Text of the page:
Benefits of AWS
- Enhances security and governs more than 50 AWS accounts
- Helps small teams operate independently with lean engineering resources
- Distributes assets quickly and reliably with low management needs
- Supports a dynamic game experience and powers innovation
- Delivers global reach and low latency
- Facilitates game launches and supports user upticks
- Reduces latencies for players of Brawl Stars
- Scales to support 250 million monthly users
AWS Services Used
AWS Shield is a managed Distributed Denial of Service (DDoS) protection service that safeguards applications running on AWS.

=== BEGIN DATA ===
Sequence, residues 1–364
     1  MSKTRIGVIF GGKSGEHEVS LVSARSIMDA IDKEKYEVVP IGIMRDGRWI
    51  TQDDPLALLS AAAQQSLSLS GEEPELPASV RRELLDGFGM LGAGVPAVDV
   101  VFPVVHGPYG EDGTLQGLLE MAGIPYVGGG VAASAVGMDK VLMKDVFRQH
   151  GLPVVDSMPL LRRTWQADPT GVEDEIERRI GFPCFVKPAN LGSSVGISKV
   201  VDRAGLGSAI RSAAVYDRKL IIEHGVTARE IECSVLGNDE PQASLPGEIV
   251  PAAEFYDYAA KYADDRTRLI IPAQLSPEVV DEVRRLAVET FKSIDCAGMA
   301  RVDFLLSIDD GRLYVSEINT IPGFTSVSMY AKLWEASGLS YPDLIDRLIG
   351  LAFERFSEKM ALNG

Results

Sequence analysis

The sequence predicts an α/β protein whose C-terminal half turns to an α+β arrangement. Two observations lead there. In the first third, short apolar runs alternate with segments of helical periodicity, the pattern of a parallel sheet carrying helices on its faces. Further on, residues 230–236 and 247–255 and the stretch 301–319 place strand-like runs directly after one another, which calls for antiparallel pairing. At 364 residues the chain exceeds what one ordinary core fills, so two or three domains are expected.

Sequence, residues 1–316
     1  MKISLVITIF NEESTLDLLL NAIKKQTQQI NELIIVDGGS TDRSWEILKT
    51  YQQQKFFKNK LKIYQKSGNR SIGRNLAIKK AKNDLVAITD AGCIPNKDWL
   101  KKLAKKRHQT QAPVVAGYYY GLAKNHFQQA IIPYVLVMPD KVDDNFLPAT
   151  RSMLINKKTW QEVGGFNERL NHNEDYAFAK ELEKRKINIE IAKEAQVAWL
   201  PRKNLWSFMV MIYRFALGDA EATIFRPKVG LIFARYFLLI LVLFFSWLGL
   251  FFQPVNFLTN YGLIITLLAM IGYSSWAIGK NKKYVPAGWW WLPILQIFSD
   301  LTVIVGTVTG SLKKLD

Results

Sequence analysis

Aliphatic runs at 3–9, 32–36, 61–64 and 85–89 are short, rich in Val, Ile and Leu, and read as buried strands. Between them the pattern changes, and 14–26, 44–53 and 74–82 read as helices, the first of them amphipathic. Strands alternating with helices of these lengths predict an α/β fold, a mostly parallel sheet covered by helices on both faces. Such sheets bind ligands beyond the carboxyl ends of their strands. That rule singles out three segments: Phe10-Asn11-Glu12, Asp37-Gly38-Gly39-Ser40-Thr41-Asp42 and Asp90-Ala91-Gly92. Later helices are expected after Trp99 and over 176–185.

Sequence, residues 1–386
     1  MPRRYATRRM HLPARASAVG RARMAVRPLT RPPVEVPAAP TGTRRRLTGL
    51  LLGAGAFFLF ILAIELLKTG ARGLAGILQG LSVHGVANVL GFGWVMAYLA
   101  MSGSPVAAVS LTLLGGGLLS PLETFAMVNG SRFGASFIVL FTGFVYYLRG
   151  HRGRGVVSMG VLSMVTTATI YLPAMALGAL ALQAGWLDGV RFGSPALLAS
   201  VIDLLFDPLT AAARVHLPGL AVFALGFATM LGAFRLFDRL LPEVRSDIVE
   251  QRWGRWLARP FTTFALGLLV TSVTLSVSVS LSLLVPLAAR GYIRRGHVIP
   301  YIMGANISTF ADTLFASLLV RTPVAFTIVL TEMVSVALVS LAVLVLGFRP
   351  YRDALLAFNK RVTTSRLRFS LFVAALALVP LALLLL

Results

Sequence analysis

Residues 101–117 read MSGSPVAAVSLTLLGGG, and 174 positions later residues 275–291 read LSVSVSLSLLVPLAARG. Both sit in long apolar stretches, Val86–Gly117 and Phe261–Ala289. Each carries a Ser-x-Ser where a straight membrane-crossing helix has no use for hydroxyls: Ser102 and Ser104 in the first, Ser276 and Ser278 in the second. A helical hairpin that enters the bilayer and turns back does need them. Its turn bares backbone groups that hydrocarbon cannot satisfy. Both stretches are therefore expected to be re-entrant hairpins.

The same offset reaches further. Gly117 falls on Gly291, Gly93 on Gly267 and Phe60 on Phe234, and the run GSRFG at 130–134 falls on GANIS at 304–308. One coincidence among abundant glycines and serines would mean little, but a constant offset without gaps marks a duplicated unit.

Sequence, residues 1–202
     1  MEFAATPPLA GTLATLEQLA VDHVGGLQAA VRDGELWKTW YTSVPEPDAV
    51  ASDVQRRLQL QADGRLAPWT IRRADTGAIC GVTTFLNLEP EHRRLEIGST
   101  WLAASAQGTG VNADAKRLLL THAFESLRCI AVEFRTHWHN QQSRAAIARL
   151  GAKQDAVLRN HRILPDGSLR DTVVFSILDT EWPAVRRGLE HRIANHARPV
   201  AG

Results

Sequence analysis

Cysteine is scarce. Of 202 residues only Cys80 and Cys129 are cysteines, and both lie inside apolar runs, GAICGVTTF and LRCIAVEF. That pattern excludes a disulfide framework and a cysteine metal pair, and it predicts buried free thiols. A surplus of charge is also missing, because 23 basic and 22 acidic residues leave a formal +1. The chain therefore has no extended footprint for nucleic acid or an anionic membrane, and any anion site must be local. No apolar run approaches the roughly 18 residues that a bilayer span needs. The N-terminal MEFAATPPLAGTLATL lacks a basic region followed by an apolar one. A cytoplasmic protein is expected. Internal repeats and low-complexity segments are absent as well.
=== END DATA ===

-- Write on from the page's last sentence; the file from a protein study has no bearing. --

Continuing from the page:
Amazon CloudFront is a fast content delivery network (CDN) service that securely delivers data, videos, applications, and APIs to customers globally with low latency, high transfer speeds, all within a developer-friendly environment.
AWS Control Tower
AWS Control Tower provides the easiest way to set up and govern a secure, multi-account AWS environment, called a landing zone.
AWS Local Zones
AWS Local Zones are a type of infrastructure deployment that places compute, storage, database, and other select AWS services close to large population and industry centers.